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Tang Wei

Tang Wei

Research Insititute of Petroleum Exploration and Development(RIPED) of CNPC, China

Title: A new oilfield development philosophy dramatically improves China’s low permeability reservoir production

Biography

Tang Wei is from Research Insititute of Petroleum Exploration and Development of CNPC, China.

Abstract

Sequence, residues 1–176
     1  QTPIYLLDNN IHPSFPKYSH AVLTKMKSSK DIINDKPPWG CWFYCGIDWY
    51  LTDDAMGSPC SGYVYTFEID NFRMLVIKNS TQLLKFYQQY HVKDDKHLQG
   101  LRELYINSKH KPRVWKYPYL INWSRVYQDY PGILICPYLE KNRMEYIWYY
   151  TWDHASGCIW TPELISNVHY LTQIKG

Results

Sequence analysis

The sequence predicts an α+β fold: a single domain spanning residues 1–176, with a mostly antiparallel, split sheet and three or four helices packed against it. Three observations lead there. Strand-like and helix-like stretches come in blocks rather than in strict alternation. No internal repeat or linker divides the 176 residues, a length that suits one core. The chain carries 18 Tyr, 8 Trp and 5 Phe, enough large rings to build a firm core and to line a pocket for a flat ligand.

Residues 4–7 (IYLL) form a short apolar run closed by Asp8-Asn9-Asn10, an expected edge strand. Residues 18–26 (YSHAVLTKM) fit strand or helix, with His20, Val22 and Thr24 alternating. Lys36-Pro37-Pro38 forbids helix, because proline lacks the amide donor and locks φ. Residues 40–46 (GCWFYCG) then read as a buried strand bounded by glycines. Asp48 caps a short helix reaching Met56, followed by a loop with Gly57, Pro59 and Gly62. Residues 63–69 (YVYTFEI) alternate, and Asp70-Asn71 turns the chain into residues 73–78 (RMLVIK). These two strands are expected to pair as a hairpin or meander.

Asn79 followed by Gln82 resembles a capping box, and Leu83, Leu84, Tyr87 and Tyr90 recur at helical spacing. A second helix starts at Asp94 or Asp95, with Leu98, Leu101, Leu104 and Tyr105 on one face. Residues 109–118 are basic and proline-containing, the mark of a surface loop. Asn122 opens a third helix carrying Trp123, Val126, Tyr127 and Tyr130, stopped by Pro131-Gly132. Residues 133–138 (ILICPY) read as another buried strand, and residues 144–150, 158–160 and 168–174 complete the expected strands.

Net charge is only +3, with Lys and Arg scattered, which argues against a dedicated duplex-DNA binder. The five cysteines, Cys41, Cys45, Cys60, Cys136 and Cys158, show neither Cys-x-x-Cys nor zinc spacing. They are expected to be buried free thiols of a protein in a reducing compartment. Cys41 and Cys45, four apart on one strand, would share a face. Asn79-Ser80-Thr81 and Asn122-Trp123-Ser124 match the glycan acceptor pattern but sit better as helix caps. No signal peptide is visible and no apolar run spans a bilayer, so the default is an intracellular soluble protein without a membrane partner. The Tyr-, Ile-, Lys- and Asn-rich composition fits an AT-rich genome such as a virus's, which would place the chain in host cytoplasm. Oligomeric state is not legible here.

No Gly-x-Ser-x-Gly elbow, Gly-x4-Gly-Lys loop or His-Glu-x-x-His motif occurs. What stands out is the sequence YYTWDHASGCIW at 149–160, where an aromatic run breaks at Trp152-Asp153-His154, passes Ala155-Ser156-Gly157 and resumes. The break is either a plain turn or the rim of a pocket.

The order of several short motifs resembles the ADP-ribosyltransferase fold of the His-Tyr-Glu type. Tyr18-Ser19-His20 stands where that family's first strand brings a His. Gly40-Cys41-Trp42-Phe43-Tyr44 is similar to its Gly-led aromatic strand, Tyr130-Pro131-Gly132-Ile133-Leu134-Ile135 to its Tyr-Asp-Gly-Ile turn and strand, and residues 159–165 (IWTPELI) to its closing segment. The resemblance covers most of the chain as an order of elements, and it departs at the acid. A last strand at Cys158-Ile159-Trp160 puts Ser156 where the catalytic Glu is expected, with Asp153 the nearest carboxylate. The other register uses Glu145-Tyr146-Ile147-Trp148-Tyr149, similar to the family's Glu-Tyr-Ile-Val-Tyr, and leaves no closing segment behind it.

From 1970s to 2000s, low permeability and extra-low permeability reservoirs in China could not be developed because of poor development philosophy and development technology. In those years, two billion tons of petroleum reserves of the low permeability and extra-low permeability reservoirs were undeveloped. Only very small amount of oil was produced from the low permeability reservoirs. Therefore, since 1990s, the authors have been focusing on a new oilfield development philosophy in low permeability and extra-low permeability reservoirs. In the 1990s, the authors put forward a new field development philosophy that a large amount of oil existed in the low permeability reservoirs, but it could not be produce because formation pressure was too low; in other words, the pressure coefficient (ratio of the hydrostatic pressure to the original reservoir pressure at the testing point) of the reservoirs is less than 1. The reservoir fluid cannot flow into the wellbore under the original reservoir condition due to low reservoir pore pressure gradient. If one wishes to develop such tight reservoir, the well pattern of injectors and producers needs to be optimized, and the reservoir pressure needs to be increased by water injection and gas injection before such reservoir can be put into production. In addition, if the reservoir is very tight, it is difficult to inject water and gas, then hydraulic fracturing and acidizing has to be applied first to the injectors, before water injection and gas injection. This process may last for three to six months before the low permeability oilfields can be put into production. The reservoir pressure that can force fluid flow into wellbore is called “threshold pressure.” If the fluid flow is a linear flow, the pressure is converted into a pressure of per unit length, called “threshold pressure gradient” (TPG). The authors think that water injection with high pressure, preceded by stimulating reservoirs with acidizing and hydraulic fracturing in injectors and producers before oil production, will establish a displacement pressure system of the low permeability reservoirs, and allow the fluid flow to follow Darcy’s Law. The authors presented a quantitative relationship among TPG, capillary pressure, fluid saturation and permeability. The TPG increases with the capillary pressure because the capillary pressure is a micro flow factor resulting from the TPG. In addtion, the results of experiment have shown that the TPG is inversely proportional to a power function of the original permeability: the bigger the permeability, the smaller the TPG. The stress sensitivity is a macro flow factor for the existence of the TPG. When permeability increases with decreasing effective stress, the TPG will reduce or disappear. The research points out that the TPG exists only when the reservoir-forming pressure of the low permeability reservoirs is too low, i.e., pressure coefficient being less than 1. If the low permeability reservoirs have high reservoir-forming pressure, and pressure coefficient is greater than 2, the TPG would not “exist” naturally. Successful development practice on the low-permeability tight reservoirs of Bakken play has proven the point in the United States. Based on the concept of the pressure coefficient, the authors derived an equation of the pressure gradient for the low permeability reservoirs by comparing the test values in the lab with the values of theoretical calculation. It wasn't until 2000s that the oilfield development philosophy described above was used successfully in Changqing’s low permeability and extra-low permeability reservoirs. It has become a major technology break-through in the low permeability and extra-low permeability reservoirs in China for now. Annual oil production from Changqing low permeability oilfield climbed from 2 million tons in 1997 to 20 million tons in 2012. By the end of 2012, oil production of 57 million tons in China came from the low permeability reservoirs, which accounts for 27.5% of the total oil production. In the future, China’s oil production will rely more on the low permeability reservoirs.